Hey guy, it’s OK to cry
By: Megan Graves, Columnist
Not that long ago, Emma Watson spoke at the United Nations about the campaign He for She. It is a campaign sponsored by the United Nations Entity for Gender Equality and the Empowerment of Women, which aims to get men on the side of feminism and show them that when women are equal, humanity can progress as a whole. However, He for She also acknowledges that men, too, deal with harmful stereotypes just like women.
Watson’s UN speech was absolutely flawless. If you haven’t watched it, I highly recommend searching for it on Google in between figuring out how to log on to MyMathLab and skimming through that philosophy book you just know you should be reading thoroughly. One of the main stigmas she addresses is the idea that men aren’t allowed to cry or show emotion, that these things show weakness and make you less of a man. From a very young age, men are told to “man up,” “throw some dirt on it,” and above all, “quit acting like a girl.”
This is incredibly harmful and problematic. First, it perpetuates the idea that femininity and weakness are synonymous, which they aren’t. Did you see Nicki Minaj call out Miley Cyrus at the VMA’s? Are you going to tell me she’s weak/doesn’t terrify you?
Anyway, on a more serious note, the American Foundation for Suicide Prevention found that from 1981-2013, the suicide rate in men has been about four times as high in men than as in women. In 2013 alone, those who committed suicide were 77.9 percent male and 22.1 percent female. Now, I don’t claim to be a psychologist. But maybe, just maybe, these rates could be attributed, in part, to the fact that society expects men to bottle up all of their emotions inside of them and never ask for help in dealing with them. The thing is, everyone cries sometimes. It can be therapeutic.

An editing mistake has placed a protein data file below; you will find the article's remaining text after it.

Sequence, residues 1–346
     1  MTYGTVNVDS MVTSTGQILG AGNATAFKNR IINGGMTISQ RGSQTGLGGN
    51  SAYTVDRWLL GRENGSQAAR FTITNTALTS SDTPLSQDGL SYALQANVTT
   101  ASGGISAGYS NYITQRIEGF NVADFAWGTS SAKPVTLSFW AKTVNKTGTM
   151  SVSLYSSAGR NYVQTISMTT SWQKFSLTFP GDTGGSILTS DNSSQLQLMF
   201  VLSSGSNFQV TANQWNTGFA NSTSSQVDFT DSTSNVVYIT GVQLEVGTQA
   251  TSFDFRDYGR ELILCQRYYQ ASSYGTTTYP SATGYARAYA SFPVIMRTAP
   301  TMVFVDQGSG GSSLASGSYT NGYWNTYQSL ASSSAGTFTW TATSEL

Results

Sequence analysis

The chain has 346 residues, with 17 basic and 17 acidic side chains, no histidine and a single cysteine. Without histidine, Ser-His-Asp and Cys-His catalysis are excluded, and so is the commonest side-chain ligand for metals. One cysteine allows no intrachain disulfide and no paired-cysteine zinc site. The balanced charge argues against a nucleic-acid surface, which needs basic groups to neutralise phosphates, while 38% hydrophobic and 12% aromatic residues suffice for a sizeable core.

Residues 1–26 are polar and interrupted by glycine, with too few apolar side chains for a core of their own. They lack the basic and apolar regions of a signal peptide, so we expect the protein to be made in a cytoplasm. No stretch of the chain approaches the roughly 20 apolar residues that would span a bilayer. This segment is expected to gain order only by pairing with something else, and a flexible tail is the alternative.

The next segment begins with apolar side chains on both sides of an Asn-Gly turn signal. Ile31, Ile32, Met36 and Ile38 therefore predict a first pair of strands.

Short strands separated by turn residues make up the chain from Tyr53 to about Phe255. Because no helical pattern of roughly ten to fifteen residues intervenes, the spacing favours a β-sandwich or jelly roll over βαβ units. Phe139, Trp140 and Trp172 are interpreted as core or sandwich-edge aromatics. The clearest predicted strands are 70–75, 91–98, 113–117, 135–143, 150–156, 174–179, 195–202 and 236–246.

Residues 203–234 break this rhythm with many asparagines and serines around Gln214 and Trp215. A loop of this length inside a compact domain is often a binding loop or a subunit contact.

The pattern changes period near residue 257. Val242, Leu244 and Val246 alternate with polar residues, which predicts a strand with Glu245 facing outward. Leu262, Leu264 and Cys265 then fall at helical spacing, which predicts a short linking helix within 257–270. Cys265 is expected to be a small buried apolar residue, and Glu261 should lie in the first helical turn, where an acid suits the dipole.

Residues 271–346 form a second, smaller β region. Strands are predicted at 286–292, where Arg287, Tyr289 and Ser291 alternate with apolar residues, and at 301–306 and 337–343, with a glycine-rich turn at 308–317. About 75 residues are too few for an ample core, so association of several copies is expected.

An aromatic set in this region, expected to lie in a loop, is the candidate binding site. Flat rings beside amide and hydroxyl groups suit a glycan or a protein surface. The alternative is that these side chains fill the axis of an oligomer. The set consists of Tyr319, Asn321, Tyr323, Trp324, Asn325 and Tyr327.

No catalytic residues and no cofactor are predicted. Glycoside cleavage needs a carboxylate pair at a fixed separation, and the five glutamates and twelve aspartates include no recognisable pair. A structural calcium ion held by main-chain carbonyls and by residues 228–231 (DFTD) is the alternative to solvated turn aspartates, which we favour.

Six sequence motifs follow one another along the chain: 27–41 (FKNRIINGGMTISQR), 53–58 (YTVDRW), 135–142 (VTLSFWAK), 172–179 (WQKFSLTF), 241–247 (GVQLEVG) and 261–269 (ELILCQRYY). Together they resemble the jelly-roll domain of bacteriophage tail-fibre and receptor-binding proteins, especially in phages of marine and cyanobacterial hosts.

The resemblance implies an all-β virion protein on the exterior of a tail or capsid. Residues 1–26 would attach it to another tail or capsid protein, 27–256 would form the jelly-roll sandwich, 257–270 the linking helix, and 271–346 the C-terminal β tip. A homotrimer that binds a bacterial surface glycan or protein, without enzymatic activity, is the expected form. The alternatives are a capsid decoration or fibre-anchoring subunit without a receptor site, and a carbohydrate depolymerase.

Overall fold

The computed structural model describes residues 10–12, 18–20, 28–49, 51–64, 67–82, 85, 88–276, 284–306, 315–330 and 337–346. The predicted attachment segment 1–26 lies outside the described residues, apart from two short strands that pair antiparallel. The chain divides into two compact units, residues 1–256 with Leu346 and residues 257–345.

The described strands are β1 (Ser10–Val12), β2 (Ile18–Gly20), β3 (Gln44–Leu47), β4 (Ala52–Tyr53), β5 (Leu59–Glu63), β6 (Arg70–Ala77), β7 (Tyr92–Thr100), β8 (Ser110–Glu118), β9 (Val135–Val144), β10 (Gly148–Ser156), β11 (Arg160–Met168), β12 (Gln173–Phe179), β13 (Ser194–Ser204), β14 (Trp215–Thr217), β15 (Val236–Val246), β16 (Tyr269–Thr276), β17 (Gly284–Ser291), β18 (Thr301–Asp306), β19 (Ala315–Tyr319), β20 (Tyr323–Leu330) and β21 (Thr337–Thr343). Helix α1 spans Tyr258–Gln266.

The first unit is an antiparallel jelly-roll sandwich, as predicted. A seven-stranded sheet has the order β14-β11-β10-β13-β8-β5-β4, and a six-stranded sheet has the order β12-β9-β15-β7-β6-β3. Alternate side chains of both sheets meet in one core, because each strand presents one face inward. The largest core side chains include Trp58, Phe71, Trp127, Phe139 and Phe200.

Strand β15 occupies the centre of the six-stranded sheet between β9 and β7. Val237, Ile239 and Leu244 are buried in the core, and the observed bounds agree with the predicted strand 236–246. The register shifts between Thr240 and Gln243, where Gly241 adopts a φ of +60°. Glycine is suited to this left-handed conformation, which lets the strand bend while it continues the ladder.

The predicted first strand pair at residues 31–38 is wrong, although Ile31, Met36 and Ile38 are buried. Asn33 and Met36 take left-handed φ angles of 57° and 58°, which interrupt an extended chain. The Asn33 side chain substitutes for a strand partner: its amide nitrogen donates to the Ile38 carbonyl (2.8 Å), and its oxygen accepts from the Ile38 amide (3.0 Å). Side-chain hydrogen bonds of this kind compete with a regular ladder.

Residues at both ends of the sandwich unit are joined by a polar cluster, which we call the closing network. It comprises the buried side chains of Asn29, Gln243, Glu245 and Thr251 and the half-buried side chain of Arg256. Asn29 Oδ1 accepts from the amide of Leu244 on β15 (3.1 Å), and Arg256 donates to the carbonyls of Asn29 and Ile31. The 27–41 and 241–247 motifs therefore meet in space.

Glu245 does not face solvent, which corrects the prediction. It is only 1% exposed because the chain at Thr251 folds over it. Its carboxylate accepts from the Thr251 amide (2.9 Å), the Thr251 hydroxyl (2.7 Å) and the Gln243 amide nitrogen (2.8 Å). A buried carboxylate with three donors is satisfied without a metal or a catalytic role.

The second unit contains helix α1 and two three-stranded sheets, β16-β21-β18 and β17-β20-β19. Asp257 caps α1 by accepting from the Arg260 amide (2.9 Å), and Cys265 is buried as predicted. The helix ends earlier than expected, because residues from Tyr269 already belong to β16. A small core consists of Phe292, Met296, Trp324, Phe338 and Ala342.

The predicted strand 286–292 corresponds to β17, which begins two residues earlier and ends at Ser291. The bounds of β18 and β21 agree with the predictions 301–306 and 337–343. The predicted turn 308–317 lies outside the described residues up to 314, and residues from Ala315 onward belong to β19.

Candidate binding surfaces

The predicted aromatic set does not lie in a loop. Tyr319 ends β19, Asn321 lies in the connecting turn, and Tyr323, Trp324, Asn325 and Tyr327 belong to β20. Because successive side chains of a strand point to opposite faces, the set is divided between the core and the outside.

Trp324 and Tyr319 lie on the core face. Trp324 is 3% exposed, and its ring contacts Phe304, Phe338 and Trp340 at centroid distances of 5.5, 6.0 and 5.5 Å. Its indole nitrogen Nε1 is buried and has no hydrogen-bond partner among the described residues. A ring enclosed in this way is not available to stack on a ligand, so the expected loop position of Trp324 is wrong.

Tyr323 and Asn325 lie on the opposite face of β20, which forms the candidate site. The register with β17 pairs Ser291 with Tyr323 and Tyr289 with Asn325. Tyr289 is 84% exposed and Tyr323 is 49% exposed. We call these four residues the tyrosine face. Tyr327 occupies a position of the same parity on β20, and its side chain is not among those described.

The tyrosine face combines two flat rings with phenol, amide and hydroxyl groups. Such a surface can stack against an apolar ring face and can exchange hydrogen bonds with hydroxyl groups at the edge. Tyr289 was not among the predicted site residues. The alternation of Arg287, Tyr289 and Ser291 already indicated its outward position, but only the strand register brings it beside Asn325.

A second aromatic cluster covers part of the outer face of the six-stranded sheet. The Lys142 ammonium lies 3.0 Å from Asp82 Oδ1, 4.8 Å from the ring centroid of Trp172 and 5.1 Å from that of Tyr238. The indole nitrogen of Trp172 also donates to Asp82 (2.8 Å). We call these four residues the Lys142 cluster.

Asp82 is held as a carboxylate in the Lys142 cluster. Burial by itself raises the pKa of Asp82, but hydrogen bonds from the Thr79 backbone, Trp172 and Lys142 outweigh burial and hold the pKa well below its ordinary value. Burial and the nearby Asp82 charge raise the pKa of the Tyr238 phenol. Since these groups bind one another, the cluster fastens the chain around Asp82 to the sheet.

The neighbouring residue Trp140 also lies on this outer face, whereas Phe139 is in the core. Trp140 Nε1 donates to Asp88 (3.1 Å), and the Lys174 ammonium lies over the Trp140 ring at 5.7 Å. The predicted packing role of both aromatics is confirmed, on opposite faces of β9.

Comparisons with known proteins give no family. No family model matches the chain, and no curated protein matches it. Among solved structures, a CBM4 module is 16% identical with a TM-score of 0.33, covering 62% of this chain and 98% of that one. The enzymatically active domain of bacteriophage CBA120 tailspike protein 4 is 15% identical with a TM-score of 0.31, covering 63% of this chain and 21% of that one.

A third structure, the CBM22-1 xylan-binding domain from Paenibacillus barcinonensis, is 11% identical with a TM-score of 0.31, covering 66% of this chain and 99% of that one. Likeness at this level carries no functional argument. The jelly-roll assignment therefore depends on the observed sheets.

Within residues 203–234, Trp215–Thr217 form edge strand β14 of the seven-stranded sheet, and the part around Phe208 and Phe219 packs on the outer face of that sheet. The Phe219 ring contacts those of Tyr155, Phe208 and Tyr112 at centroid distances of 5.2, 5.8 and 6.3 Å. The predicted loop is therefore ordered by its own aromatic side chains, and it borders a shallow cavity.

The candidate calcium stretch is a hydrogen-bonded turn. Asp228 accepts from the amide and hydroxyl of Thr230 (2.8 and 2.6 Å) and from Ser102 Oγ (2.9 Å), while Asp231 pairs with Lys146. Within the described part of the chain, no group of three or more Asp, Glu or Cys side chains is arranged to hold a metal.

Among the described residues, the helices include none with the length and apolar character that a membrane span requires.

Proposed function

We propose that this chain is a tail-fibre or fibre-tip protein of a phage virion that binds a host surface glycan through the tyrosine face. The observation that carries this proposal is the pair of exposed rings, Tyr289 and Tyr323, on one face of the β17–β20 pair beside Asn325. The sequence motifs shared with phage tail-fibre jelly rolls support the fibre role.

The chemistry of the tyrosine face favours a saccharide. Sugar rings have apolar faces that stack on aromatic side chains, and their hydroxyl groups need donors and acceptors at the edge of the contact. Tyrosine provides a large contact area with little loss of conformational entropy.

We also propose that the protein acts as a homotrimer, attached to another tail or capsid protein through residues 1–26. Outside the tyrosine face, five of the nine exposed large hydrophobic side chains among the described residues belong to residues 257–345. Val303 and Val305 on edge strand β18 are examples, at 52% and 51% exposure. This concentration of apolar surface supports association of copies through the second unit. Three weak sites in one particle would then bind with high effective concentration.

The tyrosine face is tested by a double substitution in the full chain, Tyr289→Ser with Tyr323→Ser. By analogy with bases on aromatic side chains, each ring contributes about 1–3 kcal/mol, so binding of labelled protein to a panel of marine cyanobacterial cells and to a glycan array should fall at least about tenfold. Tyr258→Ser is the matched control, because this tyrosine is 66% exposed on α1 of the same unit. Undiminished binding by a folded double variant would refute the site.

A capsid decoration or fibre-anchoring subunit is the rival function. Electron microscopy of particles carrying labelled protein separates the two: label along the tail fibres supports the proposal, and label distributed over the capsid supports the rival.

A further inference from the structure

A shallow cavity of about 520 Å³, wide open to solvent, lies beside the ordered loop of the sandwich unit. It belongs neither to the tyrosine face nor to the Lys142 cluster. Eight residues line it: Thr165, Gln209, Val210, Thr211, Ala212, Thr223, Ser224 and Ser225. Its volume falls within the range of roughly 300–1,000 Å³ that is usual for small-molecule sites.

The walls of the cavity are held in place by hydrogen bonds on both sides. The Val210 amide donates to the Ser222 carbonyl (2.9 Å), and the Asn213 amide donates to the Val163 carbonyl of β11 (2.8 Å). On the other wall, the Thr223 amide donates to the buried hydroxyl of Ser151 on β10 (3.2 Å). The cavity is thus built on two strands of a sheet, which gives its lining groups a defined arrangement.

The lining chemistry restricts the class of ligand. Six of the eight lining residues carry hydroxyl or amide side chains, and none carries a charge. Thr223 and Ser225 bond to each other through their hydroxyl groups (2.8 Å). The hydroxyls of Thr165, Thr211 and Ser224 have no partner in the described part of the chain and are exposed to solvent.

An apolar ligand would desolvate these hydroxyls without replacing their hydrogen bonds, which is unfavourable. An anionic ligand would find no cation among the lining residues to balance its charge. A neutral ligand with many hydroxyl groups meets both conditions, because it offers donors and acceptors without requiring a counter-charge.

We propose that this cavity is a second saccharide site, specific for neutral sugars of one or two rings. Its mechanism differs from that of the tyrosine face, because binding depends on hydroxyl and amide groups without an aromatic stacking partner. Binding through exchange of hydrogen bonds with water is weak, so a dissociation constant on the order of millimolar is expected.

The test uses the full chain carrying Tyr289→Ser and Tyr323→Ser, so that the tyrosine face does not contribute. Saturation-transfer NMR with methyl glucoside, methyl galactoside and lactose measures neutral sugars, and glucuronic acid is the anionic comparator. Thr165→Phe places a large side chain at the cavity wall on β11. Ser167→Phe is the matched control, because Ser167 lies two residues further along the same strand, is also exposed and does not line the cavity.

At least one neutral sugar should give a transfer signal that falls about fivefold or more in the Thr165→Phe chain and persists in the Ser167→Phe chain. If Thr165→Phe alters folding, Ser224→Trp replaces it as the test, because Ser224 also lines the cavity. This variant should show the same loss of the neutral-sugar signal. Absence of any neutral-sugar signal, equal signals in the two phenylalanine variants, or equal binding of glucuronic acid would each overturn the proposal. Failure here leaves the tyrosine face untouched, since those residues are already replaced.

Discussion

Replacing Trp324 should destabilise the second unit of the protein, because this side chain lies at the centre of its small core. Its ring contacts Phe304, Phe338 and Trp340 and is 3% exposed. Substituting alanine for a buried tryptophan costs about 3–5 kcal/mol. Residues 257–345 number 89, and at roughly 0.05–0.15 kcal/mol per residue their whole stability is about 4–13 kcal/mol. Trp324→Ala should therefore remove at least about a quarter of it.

Sometimes one of the best ways to deal with stress is to get yourself some cheese fries and watch Grey’s Anatomy because believe me, you will cry. Letting your emotions out offers you clarity on where those emotions are coming from and how to best handle them. I’m not saying you should cry every time you stub your toe, but every now and then, when you’re really overwhelmed, just cry. You are not weak. You are not less of a man or more of a woman. You are a human, and young adulthood is potentially the most stressful chapter in your life.
During this stressful chapter of your life, one of the best things you can do for yourself is talk to someone, even if something is only slightly bothering you. Surround yourself with peers who understand how life threatening it can be to hide your emotions, or talk to someone professionally.
A lot of people find going to a doctor to talk about their thoughts and emotions embarrassing, but they shouldn’t. Your mental health is just as important as your physical health. You need some check-ups every now and then to make sure everything’s okay.
Above all, the most important thing you can do is listen. If someone needs to unleash their emotional storm onto you, let them. Don’t shame them for it. Don’t call them weak. You never know how much listening and caring can save someone’s life.